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Why is this course so important?

Mental health difficulties tend to start in childhood, not adulthood. Find out more about why this is the case.
© University of Reading. Figures taken from Mental Health Foundation.
Mental health difficulties tend to start in childhood, not adulthood.
Research tells us that around 75% of mental health difficulties like depression start before a child reaches their 18th birthday, and around half of all mental health problems in adulthood start before the age of 15. If we really want to help young people, it’s important not only to recognise these difficulties early on but to offer appropriate support, which can have a direct and positive influence.
**Depression affects a lot of young people.** In the UK, around 15% of children and young people will have experienced a clinically diagnosable depressive illness at some point before turning 18 (around 1 in 100 children at primary school and 1 in 33 young people in secondary school at a given time). **It’s likely that young people with depression won’t be accessing appropriate professional help.** Only around 25% of children and young people with depression receive appropriate treatment; some young people may never be identified as needing help and others may not get the type of help which is needed. Waiting times have increased and mental health services for children and young people are more stretched than ever. This can be very distressing for young people and very worrying for their parents. There is often confusion about what help might be needed and where and how this can be accessed. **The consequences of untreated depression for young people are significant.** Untreated mental health conditions such as depression are associated with poorer performance at school, disrupted family life, increased incidence of self-harm and distress which may continue into adult life. The earlier we can help young people with depression, the more likely they are to make a full recovery. **There is still a stigma around mental illness.** It’s important to talk about mental health generally and particularly with young people to reduce the stigma surrounding it. Young people can feel embarrassed about mental illness and link mental health difficulties with alienation and isolation. Even young people who aren’t experiencing mental health difficulties can feel like their emotions are out of control at times; depression can result in a sense of hopelessness and shame and this can prevent young people from talking about their difficulties and seeking help. We're extremely keen to develop this programme to increase public knowledge around depression in young people, and we wanted to provide a resource which would be helpful to both parents and professionals. We hope that by offering information about the condition itself and outlining practical ways to offer support, that young people with depression will feel more understood and better supported. **Some of the factors which may influence a young person’s depression may be outside your control. It’s important to remember that there are many steps you can take to promote positive mental health and make a real difference.**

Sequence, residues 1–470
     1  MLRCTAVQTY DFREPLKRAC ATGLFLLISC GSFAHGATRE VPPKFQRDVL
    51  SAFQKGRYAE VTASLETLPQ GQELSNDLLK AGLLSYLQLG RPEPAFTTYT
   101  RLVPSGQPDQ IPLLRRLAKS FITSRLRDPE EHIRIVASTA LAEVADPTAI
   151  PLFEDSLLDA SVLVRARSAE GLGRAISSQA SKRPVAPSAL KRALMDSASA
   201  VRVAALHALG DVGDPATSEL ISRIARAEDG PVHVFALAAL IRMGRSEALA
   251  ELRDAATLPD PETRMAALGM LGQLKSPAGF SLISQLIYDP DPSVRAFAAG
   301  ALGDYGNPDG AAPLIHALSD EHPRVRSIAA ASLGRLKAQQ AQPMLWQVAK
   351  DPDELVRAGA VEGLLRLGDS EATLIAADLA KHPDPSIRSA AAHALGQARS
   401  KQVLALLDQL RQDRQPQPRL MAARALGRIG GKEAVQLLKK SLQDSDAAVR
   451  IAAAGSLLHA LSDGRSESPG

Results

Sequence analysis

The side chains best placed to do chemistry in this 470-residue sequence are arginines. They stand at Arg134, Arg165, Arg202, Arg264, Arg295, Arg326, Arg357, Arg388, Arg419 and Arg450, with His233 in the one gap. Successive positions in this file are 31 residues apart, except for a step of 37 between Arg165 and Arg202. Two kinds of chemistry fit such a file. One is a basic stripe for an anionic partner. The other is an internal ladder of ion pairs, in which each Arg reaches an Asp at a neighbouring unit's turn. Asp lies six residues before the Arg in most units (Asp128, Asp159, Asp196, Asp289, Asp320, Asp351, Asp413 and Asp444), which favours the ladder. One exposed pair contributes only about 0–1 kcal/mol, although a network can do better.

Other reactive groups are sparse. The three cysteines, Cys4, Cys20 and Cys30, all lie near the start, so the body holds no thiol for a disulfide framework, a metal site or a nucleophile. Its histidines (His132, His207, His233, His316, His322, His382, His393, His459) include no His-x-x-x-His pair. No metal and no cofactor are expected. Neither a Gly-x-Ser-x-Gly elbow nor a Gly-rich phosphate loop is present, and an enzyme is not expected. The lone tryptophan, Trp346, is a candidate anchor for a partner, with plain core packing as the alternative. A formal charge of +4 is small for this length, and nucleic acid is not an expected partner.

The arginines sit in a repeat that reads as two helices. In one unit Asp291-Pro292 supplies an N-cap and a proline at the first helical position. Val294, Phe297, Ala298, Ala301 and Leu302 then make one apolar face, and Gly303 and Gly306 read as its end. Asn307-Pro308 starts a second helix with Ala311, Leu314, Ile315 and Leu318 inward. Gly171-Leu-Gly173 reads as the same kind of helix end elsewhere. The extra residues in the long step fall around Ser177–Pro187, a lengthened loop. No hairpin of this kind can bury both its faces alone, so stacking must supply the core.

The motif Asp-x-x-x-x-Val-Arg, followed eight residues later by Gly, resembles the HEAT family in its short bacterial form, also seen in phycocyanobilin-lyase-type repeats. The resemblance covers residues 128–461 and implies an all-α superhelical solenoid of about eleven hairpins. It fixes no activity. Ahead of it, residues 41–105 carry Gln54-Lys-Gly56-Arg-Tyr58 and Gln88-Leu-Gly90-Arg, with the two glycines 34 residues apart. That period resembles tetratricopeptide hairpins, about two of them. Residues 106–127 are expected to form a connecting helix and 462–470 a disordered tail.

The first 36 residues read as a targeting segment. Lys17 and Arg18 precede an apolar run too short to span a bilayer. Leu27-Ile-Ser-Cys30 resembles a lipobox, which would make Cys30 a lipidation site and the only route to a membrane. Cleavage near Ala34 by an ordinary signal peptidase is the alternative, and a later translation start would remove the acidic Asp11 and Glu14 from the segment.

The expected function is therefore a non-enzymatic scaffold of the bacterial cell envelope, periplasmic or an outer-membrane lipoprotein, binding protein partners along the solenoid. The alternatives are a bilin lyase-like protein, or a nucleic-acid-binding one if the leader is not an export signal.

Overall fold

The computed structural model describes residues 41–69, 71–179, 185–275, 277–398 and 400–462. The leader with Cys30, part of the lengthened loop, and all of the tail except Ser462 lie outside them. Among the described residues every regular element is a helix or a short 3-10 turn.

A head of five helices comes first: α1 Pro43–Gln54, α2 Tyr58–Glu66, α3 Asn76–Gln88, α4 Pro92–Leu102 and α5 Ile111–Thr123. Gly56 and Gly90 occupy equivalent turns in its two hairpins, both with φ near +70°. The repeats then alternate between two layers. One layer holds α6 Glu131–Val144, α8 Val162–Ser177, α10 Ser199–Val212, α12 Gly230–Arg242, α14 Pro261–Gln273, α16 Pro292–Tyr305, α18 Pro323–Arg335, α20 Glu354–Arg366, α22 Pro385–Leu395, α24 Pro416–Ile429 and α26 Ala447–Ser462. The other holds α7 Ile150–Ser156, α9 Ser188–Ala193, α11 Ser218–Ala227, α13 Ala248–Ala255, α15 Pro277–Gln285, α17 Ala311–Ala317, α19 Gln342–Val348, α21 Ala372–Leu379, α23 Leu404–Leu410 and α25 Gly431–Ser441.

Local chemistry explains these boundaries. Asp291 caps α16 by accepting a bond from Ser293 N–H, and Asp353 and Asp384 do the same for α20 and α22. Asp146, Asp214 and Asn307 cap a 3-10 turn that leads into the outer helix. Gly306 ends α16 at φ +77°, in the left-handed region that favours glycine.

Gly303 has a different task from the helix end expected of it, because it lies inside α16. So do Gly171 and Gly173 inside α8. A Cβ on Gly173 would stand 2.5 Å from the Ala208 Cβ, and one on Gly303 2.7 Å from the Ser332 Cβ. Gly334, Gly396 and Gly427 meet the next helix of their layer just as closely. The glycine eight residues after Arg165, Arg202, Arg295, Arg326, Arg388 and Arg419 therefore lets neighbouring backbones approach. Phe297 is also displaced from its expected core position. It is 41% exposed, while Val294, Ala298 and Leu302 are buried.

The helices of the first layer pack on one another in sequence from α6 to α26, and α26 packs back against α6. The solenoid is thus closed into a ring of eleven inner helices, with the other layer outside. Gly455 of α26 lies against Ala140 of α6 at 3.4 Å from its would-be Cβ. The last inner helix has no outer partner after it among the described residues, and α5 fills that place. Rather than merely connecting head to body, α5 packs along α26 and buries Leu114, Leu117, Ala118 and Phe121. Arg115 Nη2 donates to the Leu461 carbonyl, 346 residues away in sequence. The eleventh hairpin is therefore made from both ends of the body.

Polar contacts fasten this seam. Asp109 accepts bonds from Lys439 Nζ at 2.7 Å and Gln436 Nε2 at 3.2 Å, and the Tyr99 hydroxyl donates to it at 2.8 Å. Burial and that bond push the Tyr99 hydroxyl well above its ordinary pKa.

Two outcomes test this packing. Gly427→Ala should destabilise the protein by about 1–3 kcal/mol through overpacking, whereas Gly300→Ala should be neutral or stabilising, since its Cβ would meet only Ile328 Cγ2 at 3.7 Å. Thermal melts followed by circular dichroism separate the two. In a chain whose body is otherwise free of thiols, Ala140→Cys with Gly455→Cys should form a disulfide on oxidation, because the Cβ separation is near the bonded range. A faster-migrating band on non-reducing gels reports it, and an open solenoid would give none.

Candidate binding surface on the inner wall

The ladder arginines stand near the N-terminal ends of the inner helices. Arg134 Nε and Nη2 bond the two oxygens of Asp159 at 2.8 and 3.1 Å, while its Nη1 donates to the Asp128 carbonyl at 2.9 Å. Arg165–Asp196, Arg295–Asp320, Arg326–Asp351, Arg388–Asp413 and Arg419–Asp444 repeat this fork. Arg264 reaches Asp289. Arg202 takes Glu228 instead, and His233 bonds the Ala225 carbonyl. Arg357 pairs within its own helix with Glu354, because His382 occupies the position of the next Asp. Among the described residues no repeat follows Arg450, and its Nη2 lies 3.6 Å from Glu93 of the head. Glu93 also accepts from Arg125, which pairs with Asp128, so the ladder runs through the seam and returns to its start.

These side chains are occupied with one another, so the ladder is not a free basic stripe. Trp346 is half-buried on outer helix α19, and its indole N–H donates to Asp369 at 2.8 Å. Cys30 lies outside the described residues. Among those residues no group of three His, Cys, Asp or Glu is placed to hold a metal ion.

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© University of Reading. Figures taken from Mental Health Foundation.
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Understanding Depression and Low Mood in Young People

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